What's behind your mortgage rate – 3.22.2007.2

Continued from part 1…

The fact is that there is a massive bias out there that no one wants to address. In 2005, it was found that 71% that earned 153,000 dollars or more had high mortgage rates as opposed to 9.4%
of Whites. For Black Americans and Hispanic/Latino Americans that earned between $92,000 and $132,000 (hardly a low income and indicating steady work habits I believe), 70% paid a high interest rate vs. 17% of Whites in the same bracket. You may wonder where these rates might be at, perhaps a small town in an isolated or economically challenged portion of the nation? Actually these are figures for the greater Boston area.

In fact the system is so skewed that when an experiment was conducted in that area with a White and an African American potential homebuyer the results were consistent to the above. The fact that the White homebuyer had a lower credit score and lower income, indicating greater risk which should guarantee a higher rate, had no reflection in the rate received. Does your face feel red, because mine feels like it was just slapped.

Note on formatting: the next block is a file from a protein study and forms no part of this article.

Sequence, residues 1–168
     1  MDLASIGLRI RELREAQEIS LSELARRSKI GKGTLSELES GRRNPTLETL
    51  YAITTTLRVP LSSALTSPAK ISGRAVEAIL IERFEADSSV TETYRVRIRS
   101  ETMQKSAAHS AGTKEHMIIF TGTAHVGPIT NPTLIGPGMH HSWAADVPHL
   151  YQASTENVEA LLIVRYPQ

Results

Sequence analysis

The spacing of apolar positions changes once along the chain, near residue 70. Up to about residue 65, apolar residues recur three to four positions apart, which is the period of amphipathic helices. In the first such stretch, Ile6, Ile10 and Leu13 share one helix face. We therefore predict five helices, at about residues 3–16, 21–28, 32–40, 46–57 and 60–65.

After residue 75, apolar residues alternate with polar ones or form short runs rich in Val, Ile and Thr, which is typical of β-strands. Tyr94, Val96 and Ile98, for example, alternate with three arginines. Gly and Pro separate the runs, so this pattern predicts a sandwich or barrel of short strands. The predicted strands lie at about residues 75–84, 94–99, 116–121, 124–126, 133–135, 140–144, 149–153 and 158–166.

So given the unspoken fact that a minority citizen will be forced to pay a higher mortgage rate in the best of situations on average, it’s no surprise that many are facing the loss of their homes due to sub-prime mortgages today. That verges on the criminal if you ask me. Lenders are supposed to know better. They are supposed to evaluate the risks involved and the potential impact higher rates can have on the potential homeowner. They are supposed to follow one of the guiding principles of all investments – the ‘best man’ rule. That is essentially placing yourself in the clients position and acting in the best interest given the higher advantage the professional has versus the common person. While I have no doubt some have, the above data (that I have no doubt can easily be found and reproduced around the nation) indicates to me that many used this educated position to reap profit for themselves.

Yet not a word is mentioned on this. Millions are being systematically abused, stripped of funds they should have, stressed with the threat of losing the home their family lives in; and as a by-product contributing to the potential for severe economic consequences they may not fully understand. As regulators face Congress explaining why such bad loans were made, I have yet to hear one question to ask why there is such an extreme disparity. I have yet to hear why this situation was allowed to become so extreme.

And it won’t be asked. Because if it were Wall Street could not deny that they are ‘taking money from widows and orphans.”

This is what I think, what do you think?

About the Author

Michael Vass
Born in 1968, a political commentator for over a decade. Has traveled the U.S. and lived in Moscow and Tsblisi, A former stockbroker and 2014 Congressional candidate. Passionate about politics with emphasis on 1st and 2nd Amendments.

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